Through the year 2024, the MDS coordination field is expected to grow by about 16% for LPNs, RNs, and vocational nurses. The annual MDS RNAC Salary is an average of $61,497 per year with increases up to almost $88,000 yearly depending on the coordinator’s experience. It can be difficult to fill an MDS coordinator’s position, and numerous factors must be considered during hiring. Choosing the wrong applicant can cause significant financial losses and a higher risk of an audit, and mistakes can take years to remedy. When the steps below are followed, the hiring process is much easier. An MDS Coordinator who works a contract or travel assignment with 360 Healthcare Staffing receives a rich benefits package. Interested Nurses should contact a recruiter for more information about the salary and benefits opportunities for an MDS / RNAC who works for 360 Healthcare Staffing.
Ask the Right Questions
When candidates are interviewed for an MDS coordinator position, they face questions that ensure knowledge of financial implications and RUG (Resource Utilization Group) categories. The right candidate will understand the financial ramifications of Medicaid and PPS (Prospective Payment System), and they should have a solid understanding of all factors and variables that affect the RUGs and reimbursement. Minor PPS rule oversights, such as an incorrect ARD selection date, can cost a nursing facility thousands in losses for services already rendered.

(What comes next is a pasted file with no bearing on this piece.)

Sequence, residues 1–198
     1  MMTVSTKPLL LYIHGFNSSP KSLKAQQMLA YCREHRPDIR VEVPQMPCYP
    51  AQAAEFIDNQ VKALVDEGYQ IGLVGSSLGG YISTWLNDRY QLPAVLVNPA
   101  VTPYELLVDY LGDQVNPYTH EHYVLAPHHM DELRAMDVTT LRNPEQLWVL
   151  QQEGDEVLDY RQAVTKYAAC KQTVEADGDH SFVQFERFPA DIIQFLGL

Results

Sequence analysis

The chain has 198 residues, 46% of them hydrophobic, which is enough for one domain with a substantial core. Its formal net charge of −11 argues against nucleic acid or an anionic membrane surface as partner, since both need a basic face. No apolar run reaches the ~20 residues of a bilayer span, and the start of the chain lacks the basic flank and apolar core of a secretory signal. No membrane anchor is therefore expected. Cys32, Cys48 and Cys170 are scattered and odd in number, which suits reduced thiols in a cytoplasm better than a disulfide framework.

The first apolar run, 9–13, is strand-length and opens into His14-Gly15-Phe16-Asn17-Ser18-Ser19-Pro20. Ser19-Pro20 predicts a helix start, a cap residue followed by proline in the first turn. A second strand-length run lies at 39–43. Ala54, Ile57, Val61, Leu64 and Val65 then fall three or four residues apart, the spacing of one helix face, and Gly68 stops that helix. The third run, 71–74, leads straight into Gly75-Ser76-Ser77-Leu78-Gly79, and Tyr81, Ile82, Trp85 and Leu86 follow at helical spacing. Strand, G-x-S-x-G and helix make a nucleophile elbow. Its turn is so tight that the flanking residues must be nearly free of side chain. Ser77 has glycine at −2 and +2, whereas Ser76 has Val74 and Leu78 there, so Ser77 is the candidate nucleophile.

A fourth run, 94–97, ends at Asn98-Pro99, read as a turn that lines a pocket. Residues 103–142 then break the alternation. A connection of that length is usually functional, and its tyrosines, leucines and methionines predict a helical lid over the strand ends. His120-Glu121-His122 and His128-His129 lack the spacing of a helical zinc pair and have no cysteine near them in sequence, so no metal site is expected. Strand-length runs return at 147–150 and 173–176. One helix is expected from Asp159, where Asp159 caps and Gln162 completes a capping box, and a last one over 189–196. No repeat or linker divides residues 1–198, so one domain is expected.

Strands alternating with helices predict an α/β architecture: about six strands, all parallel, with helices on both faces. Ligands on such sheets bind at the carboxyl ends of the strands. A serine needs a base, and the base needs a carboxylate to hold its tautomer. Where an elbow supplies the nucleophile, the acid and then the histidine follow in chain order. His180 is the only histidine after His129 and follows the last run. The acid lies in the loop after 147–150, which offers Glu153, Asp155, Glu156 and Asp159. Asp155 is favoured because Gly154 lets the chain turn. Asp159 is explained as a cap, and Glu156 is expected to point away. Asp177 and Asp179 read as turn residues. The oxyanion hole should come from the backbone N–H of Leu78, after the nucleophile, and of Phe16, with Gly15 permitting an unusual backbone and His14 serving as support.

Find a Candidate With a Meticulous Nature
An MDS coordinator should be very detail oriented. The typical MDS consists of over 1000 elements, and over 100 of those depict just one of 53 different RUG categories. Even the most reliable MDS coordinator may miss a financial opportunity. If a new hire is not constantly monitoring his or her caseload and lacks organizational skills, the facility will see a drop in rates and it will be at a greater risk of future reimbursement denials. This can have significant negative ramifications on the Long Term Care facility where they are assigned / working a contract position for.
Choose a Coordinator who Stays Current